Although this incident occurred in 1991, it prompted Melanie Jula Sakoda along with Cappy Larson, both converts into the Orthodox Church of America, to launch a website, POKROV.org, to inform the public about abuse in the Orthodox Church. Sakoda, who runs the site voluntarily, states, “It is a fallacy to believe that just because someone is Orthodox or goes to church they are somehow less dangerous than those outside the church.” In fact, she points out, “Sexual predators find churches as very happy hunting grounds because people keep their guard down.” Most sex offenders, she cites, are heterosexual males already in relationships with adult females.
The website, POKROV.org, touts itself as “is a resource for survivors of abuse in the Eastern Rite churches, both Orthodox and Catholic.” While not affiliated with any church, nor “blessed” by any heirarch, Pokrov.org is affiliated with SNAP, the Survivors Network of those Abused by Priests. The site brings together the court cases of thousands of Orthodox clergy convicted, sued, sanctioned all the way back to the early 90s.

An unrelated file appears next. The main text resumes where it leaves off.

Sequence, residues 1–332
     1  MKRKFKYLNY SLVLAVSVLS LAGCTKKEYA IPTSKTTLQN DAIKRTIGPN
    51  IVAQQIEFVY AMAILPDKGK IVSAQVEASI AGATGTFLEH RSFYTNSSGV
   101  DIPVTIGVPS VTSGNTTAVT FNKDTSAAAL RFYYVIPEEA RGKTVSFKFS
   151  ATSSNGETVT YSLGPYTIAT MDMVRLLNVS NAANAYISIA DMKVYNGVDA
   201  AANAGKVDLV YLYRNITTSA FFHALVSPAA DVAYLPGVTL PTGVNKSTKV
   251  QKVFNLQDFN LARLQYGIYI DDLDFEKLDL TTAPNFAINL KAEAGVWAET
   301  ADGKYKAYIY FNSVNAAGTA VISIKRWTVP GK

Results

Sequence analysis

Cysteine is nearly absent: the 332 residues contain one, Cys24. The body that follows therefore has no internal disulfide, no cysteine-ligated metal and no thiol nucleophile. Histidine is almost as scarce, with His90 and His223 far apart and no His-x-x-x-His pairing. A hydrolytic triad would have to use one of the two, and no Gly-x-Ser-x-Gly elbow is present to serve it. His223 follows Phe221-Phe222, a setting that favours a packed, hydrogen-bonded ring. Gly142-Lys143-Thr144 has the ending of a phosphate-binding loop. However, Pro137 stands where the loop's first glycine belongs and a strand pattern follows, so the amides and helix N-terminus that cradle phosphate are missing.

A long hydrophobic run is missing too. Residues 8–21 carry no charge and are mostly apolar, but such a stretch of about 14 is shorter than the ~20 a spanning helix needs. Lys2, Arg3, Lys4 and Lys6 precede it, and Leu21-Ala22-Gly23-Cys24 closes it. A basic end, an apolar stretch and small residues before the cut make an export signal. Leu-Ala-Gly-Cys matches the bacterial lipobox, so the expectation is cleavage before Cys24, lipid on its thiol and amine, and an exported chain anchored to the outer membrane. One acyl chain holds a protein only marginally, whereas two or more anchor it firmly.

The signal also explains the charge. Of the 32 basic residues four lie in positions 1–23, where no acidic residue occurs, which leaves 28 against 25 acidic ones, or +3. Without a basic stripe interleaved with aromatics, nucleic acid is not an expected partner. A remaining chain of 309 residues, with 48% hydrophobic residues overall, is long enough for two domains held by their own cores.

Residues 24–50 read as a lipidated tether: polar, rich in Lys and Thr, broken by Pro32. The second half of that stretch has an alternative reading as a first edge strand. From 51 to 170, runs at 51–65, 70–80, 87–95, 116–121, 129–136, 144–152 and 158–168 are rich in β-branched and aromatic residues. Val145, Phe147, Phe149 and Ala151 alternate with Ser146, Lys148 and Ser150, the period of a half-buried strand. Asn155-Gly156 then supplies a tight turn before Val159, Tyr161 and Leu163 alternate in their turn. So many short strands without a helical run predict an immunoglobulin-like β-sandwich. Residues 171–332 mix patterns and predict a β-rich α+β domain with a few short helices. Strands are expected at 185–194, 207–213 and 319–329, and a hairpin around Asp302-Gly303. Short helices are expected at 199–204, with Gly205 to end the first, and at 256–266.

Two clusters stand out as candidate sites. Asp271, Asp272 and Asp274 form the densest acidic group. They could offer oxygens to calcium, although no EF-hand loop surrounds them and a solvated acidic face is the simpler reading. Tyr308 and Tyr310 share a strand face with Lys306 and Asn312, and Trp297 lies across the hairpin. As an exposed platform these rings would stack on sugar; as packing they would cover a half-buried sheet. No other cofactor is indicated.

Be forewarned: some of the cases will be totally scandalizing and shocking. But that’s the point, Sakoda contends. The events surrounding the children abused in Sakoda’s home parish of Holy Trinity Cathedral in Sacramento, California spearheaded her efforts to create a vehicle to bring knowledge of abuse in Orthodox parishes to the larger public. She was especially outraged by the denial she witnessed on the part of the church administration to release a list of names of priests with suspected histories of abuse in her diocese. She claims that the church authorities did nothing to name the men who abuse victims. By organizing and maintaining a sort of clearinghouse of abusers via the site, Sakoda helps to make public information that is kept secret. Furthermore, she hopes that the information will give courage to victims who have not come out to take the big step and do so as most abuse victims blame themselves for the abuse and feel like isolated cases.